%w     day of week (0..6); 0 is Sunday
%W     week number of year, with Monday as first day of week (00..53)
%x     locale's date representation (e.g., 12/31/99)
%X     locale's time representation (e.g., 23:13:48)
%y     last two digits of year (00..99)
%Y     year
%z     +hhmm numeric timezone (e.g., -0400)
%Z     alphabetic time zone abbreviation (e.g., EDT)

njoy the simplicity.......
Atul Singh

chsh Command

The chsh command changes a user's login shell attribute. The shell attribute defines the initial program that runs after a user logs in to the system. This attribute is specified in the /etc/passwd file. By default, the chsh command changes the login shell for the user who gives the command.

Shell used by me
[root@home ~]# echo $SHELL

To get the chsh help
[root@home ~]# chsh --help
Usage: chsh [ -s shell ] [ --list-shells ] [ --help ] [ --version ][ username ]

To list the available shells in system
[root@home ~]# chsh -l

Step to change Linux login shell.
The example below show the use of chsh command to change shell for current user.
[atul@home ~]$ chsh
Changing shell for atul.
New shell [/bin/bash]: /bin/csh
Shell changed.

[atul@home ~]$ chsh -s /bin/bash  ---> chsh [ -s shell ]
Changing shell for atul.
Shell changed.

The chsh command issue with no option and –s option with the full pathname of the desired shell, is used to change shell for the user and it will prompt user for their password (note: the password only prompt for non-root user).  In above example we change the shell to /bin/csh (C SHell) and to /bin/bash (Bourne-Again Shell).  NOTE: the changes will take effect after you logout and login again.

Step to change shell for other user.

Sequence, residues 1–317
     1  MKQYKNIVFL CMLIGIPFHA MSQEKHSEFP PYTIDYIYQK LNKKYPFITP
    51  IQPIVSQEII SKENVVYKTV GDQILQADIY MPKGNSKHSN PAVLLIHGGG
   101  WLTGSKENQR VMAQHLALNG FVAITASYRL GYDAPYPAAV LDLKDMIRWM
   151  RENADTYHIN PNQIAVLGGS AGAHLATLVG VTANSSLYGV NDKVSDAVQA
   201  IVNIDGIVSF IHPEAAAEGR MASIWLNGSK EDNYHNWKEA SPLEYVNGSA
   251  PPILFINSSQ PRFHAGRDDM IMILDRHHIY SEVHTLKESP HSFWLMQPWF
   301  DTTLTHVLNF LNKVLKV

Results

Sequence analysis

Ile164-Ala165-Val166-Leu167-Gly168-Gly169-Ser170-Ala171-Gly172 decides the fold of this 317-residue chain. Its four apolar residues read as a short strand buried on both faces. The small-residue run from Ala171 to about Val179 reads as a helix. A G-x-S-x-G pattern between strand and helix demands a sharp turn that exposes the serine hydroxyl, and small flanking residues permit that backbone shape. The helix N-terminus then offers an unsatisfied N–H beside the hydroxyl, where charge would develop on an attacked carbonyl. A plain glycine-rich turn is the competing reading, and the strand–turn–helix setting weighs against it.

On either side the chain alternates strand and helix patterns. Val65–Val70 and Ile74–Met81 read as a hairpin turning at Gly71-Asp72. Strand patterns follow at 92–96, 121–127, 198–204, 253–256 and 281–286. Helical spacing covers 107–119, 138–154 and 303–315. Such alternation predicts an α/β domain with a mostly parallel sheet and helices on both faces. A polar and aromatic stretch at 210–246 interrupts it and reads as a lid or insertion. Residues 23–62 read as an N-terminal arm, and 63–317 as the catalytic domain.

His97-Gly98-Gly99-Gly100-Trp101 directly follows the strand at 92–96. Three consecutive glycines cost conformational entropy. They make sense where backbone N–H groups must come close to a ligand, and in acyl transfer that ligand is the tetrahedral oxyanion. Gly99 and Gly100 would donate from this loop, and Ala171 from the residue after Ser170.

[root@home ~]# chsh -s /bin/csh atul  -->  chsh [ -s shell ][ username ]
Changing shell for atul.
Shell changed.

njoy the simplicity.......
Atul Singh

ps command

The ps (process status) command is used to provide information about the currently running processes, including their process identification numbers (PIDs).
A process, also referred to as a task, is an executing (i.e., running) instance of a program. Every process is assigned a unique PID by the system.

The basic syntax of ps is
    ps [options]
-a          Displays all processes on a terminal, with the exception of group leaders.
-c          Displays scheduler data.
-d         Displays all processes with the exception of session leaders.
-e         Displays all processes.
-f          Displays a full listing.
-glist      Displays data for the list of group leader IDs.
-j          Displays the process group ID and session ID.
-l          Displays a long listing
-plist      Displays data for the list of process IDs.
-slist      Displays data for the list of session leader IDs.
-tlist      Displays data for the list of terminals.
-ulist      Displays data for the list of usernames.

The Default Output
atul@atul:/home/atul $ ps
 3567696  pts/2  0:00 ps
 4391144  pts/2  0:00 -ksh

The Process list output for user smaadmp7
atul@atul:/home/atul $ ps -u smaadmp7
 1930  299258      -  0:01 dsapi_server
 1930  671930      -  0:01 dsapi_slave
 1930  696452      -  0:17 dsapi_slave
 1930  790608      -  0:00 dsapi_server
 1930 1200174      -  0:01 dsapi_server
 1930 1634556      -  0:15 dsapi_slave
 1930 1687662      -  0:00 dsapi_server
 1930 1757284      -  0:00 dsapi_slave
 1930 1790152      -  0:00 dsapi_server
 1930 2081022      -  0:00 dsapi_server
 1930 2158782      -  0:47 dsapi_slave
 1930 2289812      -  0:00 dsapi_server